The best thing that happened to me today is that I met someone who changed my perception on that subject. I connected with Jessica Levin, President of Seven Degrees Communications, on LinkedIn. I reached out to her because I saw she was an author and speaker who helps professionals learn how to build and strengthen meaningful relationships. She has worked with others in the accounting industry and many other markets. I wrote that I didn’t put myself out there as much as I should because of the fear of rejection. (I assumed that I wouldn’t get a response when I hit the send on the invitation anyways, which is kind of ironic) But to my surprise, she responded and was very nice.
She gave me some inspiring words of advice. “Never worry about the naysayers and embrace the cheerleaders.” Ah, there’s the solution – stop worrying about what people think. Go for it. Concentrate on the people who get you and applaud you. Don’t let other people stop you from being who you are or letting your real personality shine through. If you encounter them, and you will, just move on to someone who is more compassionate. Do you really even want to have a relationship with a high maintenance person who you always have to spin your wheels to please? No, you want relationships with people who are easy-going and understand it’s a two-way street.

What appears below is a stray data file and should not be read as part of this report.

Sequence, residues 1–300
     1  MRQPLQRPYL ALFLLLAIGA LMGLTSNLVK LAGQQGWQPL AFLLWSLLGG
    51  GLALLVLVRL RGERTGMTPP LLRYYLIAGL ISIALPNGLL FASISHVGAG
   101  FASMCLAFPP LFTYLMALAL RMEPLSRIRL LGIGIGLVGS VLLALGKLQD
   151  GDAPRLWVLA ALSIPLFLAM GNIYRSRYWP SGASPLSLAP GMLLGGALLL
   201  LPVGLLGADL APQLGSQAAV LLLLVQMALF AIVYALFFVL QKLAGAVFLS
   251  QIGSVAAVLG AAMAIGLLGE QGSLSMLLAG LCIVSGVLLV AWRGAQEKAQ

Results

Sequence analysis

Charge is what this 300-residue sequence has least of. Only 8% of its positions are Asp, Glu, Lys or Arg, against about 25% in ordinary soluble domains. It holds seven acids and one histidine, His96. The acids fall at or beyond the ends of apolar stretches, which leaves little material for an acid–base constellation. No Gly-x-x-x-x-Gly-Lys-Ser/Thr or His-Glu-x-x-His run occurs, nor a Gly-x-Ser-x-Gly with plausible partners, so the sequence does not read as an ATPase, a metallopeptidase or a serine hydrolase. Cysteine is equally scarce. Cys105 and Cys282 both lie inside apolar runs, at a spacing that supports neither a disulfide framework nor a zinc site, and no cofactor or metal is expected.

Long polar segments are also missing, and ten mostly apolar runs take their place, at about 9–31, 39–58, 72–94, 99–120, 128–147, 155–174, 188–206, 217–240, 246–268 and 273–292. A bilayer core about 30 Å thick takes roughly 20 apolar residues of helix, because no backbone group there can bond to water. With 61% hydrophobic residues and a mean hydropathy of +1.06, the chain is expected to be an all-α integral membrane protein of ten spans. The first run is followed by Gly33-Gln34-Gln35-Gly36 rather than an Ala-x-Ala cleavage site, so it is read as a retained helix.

“Jessica is the President of the New Jersey Professional Marketers Association (NJPSMG). She is the Director of the Network for the Needy for PCMA Greater New York Chapter. She was named Planner of the Year by the New Jersey chapter of MPI and is a JASPER Award winner in the special event planning category. Jessica holds the designation Certified Meeting Professional (CMP) and Certified Association Executive (CAE). She was named New Jersey’s 2009 Top Forty Under 40, a Planner to Watch by Convention South magazine in both 2010 and 2012 and was inducted into the New Jersey Social Media Hall of Fame in 2010. In 2011 Connect Meetings and Rejuvenate Magazines named her to their Forty Under 40 list. In 2013 she was named a Finalist for Woman of the Year from the Women’s Center for Entrepreneurship. In 2014 she made MeetingsNet’s Top 10 Social Media Influencers List. In 2015, Meetings & Conventions Magazine named her to their Top 25 Women in the Meetings Industry list and the Association for Accounting Marketing honored her with the Volunteer of the Year award.”
Her book features real stories and examples that teach:
- Connecting is a calling
- Few acts bring more satisfaction and joy to a person than helping others
- Networking is more than passing out business cards
- Anyone and everyone can be a connector
- You might already be a connector (and not even realize it)
- Even shy people can be master connectors
See, I didn’t even know all that when I connected with her. But since she was a kind person and responded to me, I became interested and learned so much more than I expected. I am very impressed with her message and all she has accomplished. I’m glad I took that leap of faith beyond my comfort zone because now I know something real about her and have a better understanding of what’s important in my own interactions. That helps alleviate my fear and I can remember that the next time I feel myself going back into the security of my shell.
So yeah, I would say that’s a pretty good thing that happened today. It’s progress.